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Collaboration, Cosmopolitanism and Complicity

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In this article, the authors use their experience of a collaboration as a vehicle for thinking critically about the uneasy relationship between the practices and products of internationally oriented legal scholars situated in the North. They use tools drawn from feminist theory to tease out in particular, some of the perils in the turn to cosmopolitanism as a response to globalization, and explore the way in which this mirrors a cosmopolitan urge both embedded in international legal discourse and at play in the self-constitution of the international lawyer (including themselves). They then draw on feminist and other critical theories to ask whether a conceptual reconfiguration of a `critical cosmopolitanism' can offer a useful alternative to the old view. They remain wary about whether any reconfigurations with a `global' scale can overcome the problems which inhere in purportedly transformative western scholarship generally, and so conclude somewhat circumspectly, emphasizing the need to frame their approach reflexively and to focus on changes they could make to their everyday practices of teaching and research to reduce the risk of complicity with the unacknowledged parochialism of cosmopolitanism.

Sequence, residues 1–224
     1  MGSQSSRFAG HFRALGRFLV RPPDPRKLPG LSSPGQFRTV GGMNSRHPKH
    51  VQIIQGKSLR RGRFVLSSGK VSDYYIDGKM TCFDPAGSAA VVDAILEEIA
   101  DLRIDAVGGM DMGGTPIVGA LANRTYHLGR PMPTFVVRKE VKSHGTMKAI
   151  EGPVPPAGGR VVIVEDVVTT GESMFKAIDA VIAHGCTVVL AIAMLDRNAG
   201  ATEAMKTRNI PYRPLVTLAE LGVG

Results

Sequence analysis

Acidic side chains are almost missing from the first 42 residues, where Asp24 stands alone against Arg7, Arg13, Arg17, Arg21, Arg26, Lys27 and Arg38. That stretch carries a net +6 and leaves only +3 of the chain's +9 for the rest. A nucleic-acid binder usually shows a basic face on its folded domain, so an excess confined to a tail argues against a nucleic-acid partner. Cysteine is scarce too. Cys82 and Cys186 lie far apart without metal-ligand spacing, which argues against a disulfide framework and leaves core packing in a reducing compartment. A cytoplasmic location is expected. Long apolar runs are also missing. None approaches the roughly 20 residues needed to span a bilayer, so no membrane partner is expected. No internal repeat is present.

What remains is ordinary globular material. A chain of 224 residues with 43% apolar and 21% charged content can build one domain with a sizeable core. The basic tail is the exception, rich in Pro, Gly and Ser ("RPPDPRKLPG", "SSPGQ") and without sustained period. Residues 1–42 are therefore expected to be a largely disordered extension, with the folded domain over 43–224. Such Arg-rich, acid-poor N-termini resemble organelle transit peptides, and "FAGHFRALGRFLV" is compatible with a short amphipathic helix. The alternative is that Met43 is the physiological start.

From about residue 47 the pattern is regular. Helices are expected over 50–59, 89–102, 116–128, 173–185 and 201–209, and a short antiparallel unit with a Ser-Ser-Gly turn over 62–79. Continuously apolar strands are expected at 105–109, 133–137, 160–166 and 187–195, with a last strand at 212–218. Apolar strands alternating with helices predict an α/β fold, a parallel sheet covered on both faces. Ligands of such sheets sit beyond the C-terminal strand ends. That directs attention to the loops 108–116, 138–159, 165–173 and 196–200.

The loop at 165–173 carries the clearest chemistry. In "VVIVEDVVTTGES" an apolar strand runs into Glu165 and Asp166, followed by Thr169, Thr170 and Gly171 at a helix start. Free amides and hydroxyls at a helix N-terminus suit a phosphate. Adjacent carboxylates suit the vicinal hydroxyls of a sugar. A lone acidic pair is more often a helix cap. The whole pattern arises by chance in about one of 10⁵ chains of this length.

Affiliations: 1: Associate Professor, Law School, University of British Columbia, Canada; 2: Senior Lecturer, Law School, University of Melbourne, Australia, Barrister and Solicitor of the Supreme Court of Victoria


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